Cyber-attacks have been a growing threat to K-12 schools in recent years, even more so since the start of the Coronavirus pandemic in March 2020. Cyber-attacks targeting K-12 schools have increased by fivefold since 2016. In 2020, a record number of disclosed data incidents—408 in total— occurred, with the number of projected cyber-attacks for 2021 expected to exceed that amount. Hackers actively target K-12 schools due to their minimal data security precautions and the often overlooked and unrealized value of children’s information. Children’s data is valuable since it is less likely that parents or even children themselves can notice the data’s use before it is too late. These intrusions are numerous but vital to reflect the dangers of this lapse of law.
In San Antonio, Texas, Judson Independent School District confirmed they spent $547,000 of taxpayer funds in June 2021 on one incident to ensure teachers’ and students’ sensitive and identifiable information remained unpublished to the public. The incident involved a ransomware attack that inhibited the District’s use of their technology and accessed their data. Director of the University of Texas at San Antonio’s Center for Infrastructure Assurance and Security, Gregory White, opined, “the fact that [the hackers] were successful . . . just encourages them to do it again.” Even though this incident did not result in the public exposure of the ransomed data, the Broward School District in Fort Lauderdale, Florida, had 25,971 accounting files, which contained confidential and identifiable data, published as the result of a hack. The school district refused to pay the $40 million, ultimately reduced to $10 million, ransom demanded by the hackers in March 2021. A school representative offered the hackers a $500,000 buyout instead, but the hackers refused this offer. Multiple jurisdictions have felt the effects of these intrusions, but privacy professionals must question whether lawmakers are doing enough to curtail this increasing intrusion.
Independent State Action
Since there is no federal standard, a disparity exists between states that have passed parameters to protect children’s data and those that have not. This disparity results in a lack of equivalent protections between children’s privacy rights from one state to another. Recently, in 2020, there has been a significant shift where twenty-two states enacted regulations concerning student data and privacy. Although a much needed and noteworthy movement, states still suffer from the same flaws noted within the federal regime by implicating a vague standard of “reasonable” safeguards. For example, Maine recently enacted the Student Information Privacy Act (SIPA) to regulate website operators geared to K-12 schools and collectors of students’ personal information. In instilling their own protections, Maine has also required that “operator[s] shall implement and maintain reasonable security procedures and practices” to prevent unauthorized access. Unfortunately, the lack of proscribed requirements leaves minimum protections wanting compared to other states leading in this area.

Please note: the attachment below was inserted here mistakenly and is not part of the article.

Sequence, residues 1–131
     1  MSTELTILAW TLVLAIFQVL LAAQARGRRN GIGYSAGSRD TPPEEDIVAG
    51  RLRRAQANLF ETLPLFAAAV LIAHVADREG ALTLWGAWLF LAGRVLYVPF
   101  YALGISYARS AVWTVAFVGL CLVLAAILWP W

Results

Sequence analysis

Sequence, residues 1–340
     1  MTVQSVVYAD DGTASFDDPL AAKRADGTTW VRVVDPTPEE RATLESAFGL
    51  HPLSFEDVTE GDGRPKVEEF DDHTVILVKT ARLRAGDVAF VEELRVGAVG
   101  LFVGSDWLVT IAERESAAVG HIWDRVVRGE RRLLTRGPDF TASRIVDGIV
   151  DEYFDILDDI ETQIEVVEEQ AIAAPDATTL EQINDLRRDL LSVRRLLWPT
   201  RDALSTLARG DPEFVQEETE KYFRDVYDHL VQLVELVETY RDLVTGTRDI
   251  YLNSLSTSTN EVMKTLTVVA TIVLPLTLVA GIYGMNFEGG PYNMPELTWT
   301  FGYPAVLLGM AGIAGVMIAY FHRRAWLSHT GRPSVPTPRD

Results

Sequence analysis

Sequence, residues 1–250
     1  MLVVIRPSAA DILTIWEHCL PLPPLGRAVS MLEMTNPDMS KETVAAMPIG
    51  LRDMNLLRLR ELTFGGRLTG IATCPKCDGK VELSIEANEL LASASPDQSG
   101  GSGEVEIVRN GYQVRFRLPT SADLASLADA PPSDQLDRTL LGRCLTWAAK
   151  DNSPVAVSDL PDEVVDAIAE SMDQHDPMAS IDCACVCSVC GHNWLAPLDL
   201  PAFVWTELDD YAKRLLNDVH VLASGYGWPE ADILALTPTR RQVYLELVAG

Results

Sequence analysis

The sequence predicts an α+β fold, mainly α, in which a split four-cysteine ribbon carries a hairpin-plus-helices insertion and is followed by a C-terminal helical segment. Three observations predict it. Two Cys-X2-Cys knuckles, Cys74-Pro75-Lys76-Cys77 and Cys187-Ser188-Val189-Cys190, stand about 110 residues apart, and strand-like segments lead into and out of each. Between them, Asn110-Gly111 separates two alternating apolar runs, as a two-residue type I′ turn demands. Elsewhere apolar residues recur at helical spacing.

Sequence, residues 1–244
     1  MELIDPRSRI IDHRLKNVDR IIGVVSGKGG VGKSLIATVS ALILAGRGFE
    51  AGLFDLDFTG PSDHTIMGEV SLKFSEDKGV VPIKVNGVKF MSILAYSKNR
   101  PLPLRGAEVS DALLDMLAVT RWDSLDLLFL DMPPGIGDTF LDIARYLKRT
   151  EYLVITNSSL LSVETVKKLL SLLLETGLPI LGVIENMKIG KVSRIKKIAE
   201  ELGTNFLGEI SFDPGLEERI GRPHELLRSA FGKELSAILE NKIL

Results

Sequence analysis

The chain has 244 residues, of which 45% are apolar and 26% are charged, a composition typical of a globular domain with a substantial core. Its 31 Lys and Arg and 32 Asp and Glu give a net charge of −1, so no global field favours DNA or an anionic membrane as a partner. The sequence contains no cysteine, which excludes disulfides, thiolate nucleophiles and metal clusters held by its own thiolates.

In contrast, Texas and New York have also recently implemented their own specified security parameters regarding K-12 school districts. First, Texas requires school districts to “designate a security coordinator, adopt a cybersecurity policy, and report any breach of student personally identifiable data to [the] Texas Education Agency.” Cybersecurity policies must be consistent with the Texas Cybersecurity Framework (TCF). The TCF aligns with the National Institute of Standards and Technology’s (NIST) framework and lists five “functional areas” for review: identify, protect, detect, respond, and recover. Using this framework, school districts can identify potential risks or lacking provisions on a zero to five scale. Texas also requires the cybersecurity coordinator to undergo annual training but, unfortunately, does not require a strict baseline for when school district employees receive such training.